Yes, Lucrezia Borgia was important, wedded and used by Alexander VI for political ends, but she did not set the agenda, whereas Theodora and her daughter, Marozia, were pre-eminent, standing alongside men and defying everything that had gone before them. It was The Dark Age, when few people had power – and women had less. Yet Theodora, wife to Theophylact I, became Senatrix of Rome. She had equal eminence with the Count –  an impressive achievement for a woman who had once worked as a prostitute. Even more impressive was that she passed her ruthlessness onto her daughter – together with her amorality. 

The Borgias mastered Rome as a Papal family.

The Tusculani mastered the Popes as a noble dynasty.

“The Pope’s Lover’s Secrets is set in a dark period in the history of Rome and the papacy, the so-called ‘Saeculum obscurum’. What can you tell us about this period?

It is now referred to as The Dark Age – and for good reason. Rome was virtually destroyed after the Sack of Rome and the endless invasions and political pogroms, instigated by neighbouring countries or states. The once glorious city had been reduced to rubble; the squares becoming cattle grounds, market places for merchants, and the numerous slave traders. Prisons were overfilled with those defeated in battle and torture was brutal and often public. Where once there had been statues of Caesars displayed in glorious Forums, there was little remaining. Anything of value had been stolen either by invading enemies, or purloined by the nobility who had deserted the dejected city for their palaces in the hills. The town of Tusculum, although not wealthy, escaped some of the worst privations being the property of Count Theophylact I, but Rome suffered.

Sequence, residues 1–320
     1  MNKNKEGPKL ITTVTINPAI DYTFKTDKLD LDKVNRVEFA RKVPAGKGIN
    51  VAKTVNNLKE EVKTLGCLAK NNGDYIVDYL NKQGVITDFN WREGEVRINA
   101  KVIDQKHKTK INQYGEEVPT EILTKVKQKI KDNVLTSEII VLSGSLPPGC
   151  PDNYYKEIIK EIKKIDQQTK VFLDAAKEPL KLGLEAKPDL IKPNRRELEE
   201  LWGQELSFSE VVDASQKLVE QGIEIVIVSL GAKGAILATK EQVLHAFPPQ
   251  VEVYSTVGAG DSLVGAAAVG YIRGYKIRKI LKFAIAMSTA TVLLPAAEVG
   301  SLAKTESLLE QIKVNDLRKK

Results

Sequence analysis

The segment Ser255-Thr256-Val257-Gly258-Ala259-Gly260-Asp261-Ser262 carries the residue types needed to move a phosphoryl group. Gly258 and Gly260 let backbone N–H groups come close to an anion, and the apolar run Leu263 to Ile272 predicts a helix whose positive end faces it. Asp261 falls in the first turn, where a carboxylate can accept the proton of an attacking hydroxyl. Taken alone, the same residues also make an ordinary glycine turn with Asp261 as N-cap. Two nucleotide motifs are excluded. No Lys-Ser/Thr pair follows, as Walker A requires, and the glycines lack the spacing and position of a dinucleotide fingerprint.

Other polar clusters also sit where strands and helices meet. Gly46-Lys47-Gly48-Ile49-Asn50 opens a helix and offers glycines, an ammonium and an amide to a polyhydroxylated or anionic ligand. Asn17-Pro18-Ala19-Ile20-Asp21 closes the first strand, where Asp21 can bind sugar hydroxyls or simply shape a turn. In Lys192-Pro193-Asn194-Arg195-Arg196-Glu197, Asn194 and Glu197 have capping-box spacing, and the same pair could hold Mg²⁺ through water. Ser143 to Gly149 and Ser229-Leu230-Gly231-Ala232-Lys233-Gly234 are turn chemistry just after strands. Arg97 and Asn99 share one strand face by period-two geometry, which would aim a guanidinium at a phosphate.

With no Civic nor Papal money offered for repairs or renewal, the buildings became ruins, left to decay. The poor, who barely existed on the available produce, were starving and feral, sheltering and sleeping amongst the devastation, Romans terrorised by the corrupt few who held power. The Saeculum Obscurum was the lowest point in the history of the Catholic Church, a period when not only Rome, but the Papacy itself, was in chaos. With endless plotting and assassinations there was havoc, eight papal elections within nine years, a disastrous carousel of Pontiffs that had not the power – nor the will – to defy the Tusculani. 

Papa Sergio III

Sergio III is remembered as a cruel and tyrannical Pope manipulated by women more cunning than him. How do you see this figure?

When I first saw an image of Pope Sergius III my initial reaction was a slow, measured blink. Usually I never judge a historical character on how appealing or unappealing they are, but the large bald head, downturned mouth and fleshy lips – together with his stocky, bulbous form – made him into almost a cartoon image of a tyrant. Surely this was an exaggeration? A deliberate ploy by his detractors to make him seem vile in appearance as well as behaviour? Surely this couldn’t be the lover of Marozia? And then I remembered how often, down the ages, power and money can make even the most unremarkable man acutely desirable.